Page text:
469888 Theoretical and Experimental Investigation of Microphase Separation in Mixed Thiol Monolayers on Silver Nanoparticles

Wednesday, November 16, 2016: 3:33 PM
Golden Gate 7 (Hilton San Francisco Union Square)
Steven Merz1, Zachary Farrell1, Sergei A. Egorov2 and David Green1, (1)Chemical Engineering, University of Virginia, Charlottesville, VA, (2)Department of Chemistry, University of Virginia, Charlotteville, VA

Controlling spatial patterning in nanoparticle monolayers is key to tuning nanoparticle interfacial properties. One method of inducing phase separation in nanoparticle monolayers is using ligands with chain length differences in the monolayer. This chain length mismatch is thought to create an entropic driving force for phase separation into stripy monolayers which maximize free volume for the longer ligand. Our work focuses on quantifying this effect using a combination of experimental and computational techniques. To do this we look at phase separation in alkanethiol monolayers on silver nanoparticles. The monolayers consist of two different alkanethiol ligands, one long ligand, dodecanethiol, and a shorter alkanethiol ligand, undecanethiol to butanethiol. In our work we use a MALDI-TOF technique, developed in a previous paper[1], which quantifies degree of phase separation in the nanoparticle monolayer experimentally. Additionally, we run Self-Consistent Field Theory (SCFT) and Monte Carlo atomistic simulations for each alkanethiol pairing to determine the exact spatial patterning that we expect to see with each system. We then calculate a predicted MALDI-MS spectrum from each simulation using a technique established in our previous paper[1]. This allows us to directly compare the experimental and computational results both quantitatively and qualitatively. With this comparison we get greater assurance that the simulation results accurately reflect the experimental system.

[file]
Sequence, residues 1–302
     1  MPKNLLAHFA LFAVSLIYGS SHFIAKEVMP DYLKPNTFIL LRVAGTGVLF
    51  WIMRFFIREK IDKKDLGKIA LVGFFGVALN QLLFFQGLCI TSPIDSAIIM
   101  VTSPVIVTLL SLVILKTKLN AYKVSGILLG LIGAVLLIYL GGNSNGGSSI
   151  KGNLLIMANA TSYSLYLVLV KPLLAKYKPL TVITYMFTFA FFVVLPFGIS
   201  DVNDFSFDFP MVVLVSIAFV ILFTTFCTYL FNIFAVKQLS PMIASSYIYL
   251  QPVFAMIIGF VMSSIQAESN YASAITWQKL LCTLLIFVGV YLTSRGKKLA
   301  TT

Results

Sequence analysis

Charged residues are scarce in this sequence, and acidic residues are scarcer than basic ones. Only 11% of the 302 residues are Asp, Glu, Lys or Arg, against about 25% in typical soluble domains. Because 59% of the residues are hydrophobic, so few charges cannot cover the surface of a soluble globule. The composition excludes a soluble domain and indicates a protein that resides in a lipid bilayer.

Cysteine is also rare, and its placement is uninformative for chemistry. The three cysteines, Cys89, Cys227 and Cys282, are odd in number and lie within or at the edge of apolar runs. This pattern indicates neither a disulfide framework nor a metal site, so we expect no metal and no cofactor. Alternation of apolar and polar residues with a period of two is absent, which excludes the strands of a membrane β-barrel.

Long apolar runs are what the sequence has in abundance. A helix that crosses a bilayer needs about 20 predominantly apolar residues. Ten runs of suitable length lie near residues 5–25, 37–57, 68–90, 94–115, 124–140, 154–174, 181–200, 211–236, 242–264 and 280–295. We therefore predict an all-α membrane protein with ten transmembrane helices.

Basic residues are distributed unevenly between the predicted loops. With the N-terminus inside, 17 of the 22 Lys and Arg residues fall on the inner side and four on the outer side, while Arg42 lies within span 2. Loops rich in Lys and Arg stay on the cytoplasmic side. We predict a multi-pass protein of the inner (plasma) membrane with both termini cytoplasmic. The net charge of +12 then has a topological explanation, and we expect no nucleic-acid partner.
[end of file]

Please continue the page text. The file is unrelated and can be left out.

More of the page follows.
[1] Farrell, Z.; Merz, S.; Seager, J.; Dunn, C.; Egorov, S.; Green, D. L. Angew. Chemie Int. Ed. 2015, 54, 6479–6482.

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